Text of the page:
A gold mine of information, we’re already using it to tailor and improve tobacco for our potentially reduced-risk products and answer broader plant science questions.
Tobacco (Nicotiana tabacum) was the first plant to be adapted for tissue culture and among the first to be genetically engineered, both of which made significant contributions to molecular plant biology. Today, potential applications in biofuel and biopharmaceutical production have generated renewed interest in this plant. In order to explore these and other potential applications, improved genomic resources are critical. Unfortunately, progress has been hampered by the very large size of the tobacco genome (roughly 50% bigger than the human genome) and its highly complex nature: N. tabacum arose from the fusion of two different ancestral species (Nicotiana sylvestris and Nicotiana tomentosiformis). As a result, each cell contains a set of chromosomes originating from each parent, and there is a great deal of repetition and duplication throughout the genome.
In collaboration with Lukas Mueller’s group at the Boyce Thompson Institute at Cornell University, New York, NY, USA, we created a new assembly of the N. tabacum genome by laying out (or “anchoring”) 64% of the genetic code onto chromosomes, dramatically improving its coherency and utility.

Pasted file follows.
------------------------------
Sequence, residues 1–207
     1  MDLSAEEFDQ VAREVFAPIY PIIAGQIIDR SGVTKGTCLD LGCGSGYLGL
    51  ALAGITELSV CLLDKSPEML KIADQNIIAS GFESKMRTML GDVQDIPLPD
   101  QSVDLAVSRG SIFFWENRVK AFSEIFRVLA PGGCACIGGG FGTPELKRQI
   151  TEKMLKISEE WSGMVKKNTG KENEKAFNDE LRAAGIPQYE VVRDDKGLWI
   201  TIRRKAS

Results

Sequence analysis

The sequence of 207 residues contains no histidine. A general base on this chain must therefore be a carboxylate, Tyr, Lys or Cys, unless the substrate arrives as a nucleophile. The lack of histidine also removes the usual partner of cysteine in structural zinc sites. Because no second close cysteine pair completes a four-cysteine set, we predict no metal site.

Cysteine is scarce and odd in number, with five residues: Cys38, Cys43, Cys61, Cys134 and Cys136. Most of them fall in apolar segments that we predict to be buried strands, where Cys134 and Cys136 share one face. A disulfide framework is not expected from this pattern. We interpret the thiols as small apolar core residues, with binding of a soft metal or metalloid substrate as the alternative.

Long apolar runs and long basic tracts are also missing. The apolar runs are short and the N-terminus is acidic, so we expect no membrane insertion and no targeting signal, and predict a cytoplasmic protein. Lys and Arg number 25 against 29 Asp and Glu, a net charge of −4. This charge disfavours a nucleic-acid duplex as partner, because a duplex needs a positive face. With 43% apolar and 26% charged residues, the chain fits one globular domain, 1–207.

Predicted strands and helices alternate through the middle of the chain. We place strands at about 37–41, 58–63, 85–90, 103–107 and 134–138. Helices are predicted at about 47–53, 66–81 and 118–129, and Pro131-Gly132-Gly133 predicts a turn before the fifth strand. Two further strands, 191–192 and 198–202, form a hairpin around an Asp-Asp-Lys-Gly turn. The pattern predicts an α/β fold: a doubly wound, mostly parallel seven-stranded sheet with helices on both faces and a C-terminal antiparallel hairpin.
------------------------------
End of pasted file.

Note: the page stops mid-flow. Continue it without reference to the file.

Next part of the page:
Although draft sequences of the tobacco genome were previously available, their usefulness was limited because less than 20% of the genetic sequence was accurately placed on the 24 tobacco chromosomes, making it very difficult to link identified genes to particular traits. We tried a different approach to put the pieces of the genome together, using a new technology that enhances the utility of the optical mapping technique for large genomes. This involves marking specific sequence patterns in very long pieces of DNA to create barcoded DNA fragments. The barcode is then used as a template onto which the new assembly can be dropped and matched, a bit like completing a jigsaw on top of a trace of its picture.
Using optical mapping alongside the more common method of next generation sequencing enabled us to anchor much more of the genome to tobacco chromosomes compared to previous assemblies. “Assembly of the genome sequence was technically very difficult because the two parental genomes are very similar – in effect a bit like trying to put together a jigsaw puzzle showing a picture of very similar but non-identical twins,” says Jennifer Bromley, Computational Biology and Gene Identification Manager at BAT. “The sequence also contains a lot of repetition, making anchoring some areas like trying to complete a jigsaw puzzle of blue sky.” Rather than keeping the method proprietary, we chose to publish these results in BMC Genomics1 and the sequence, along with tools that are important for interrogating this complex genome, is now available as a central resource for scientists around the world on the Solanaceae Genomics Network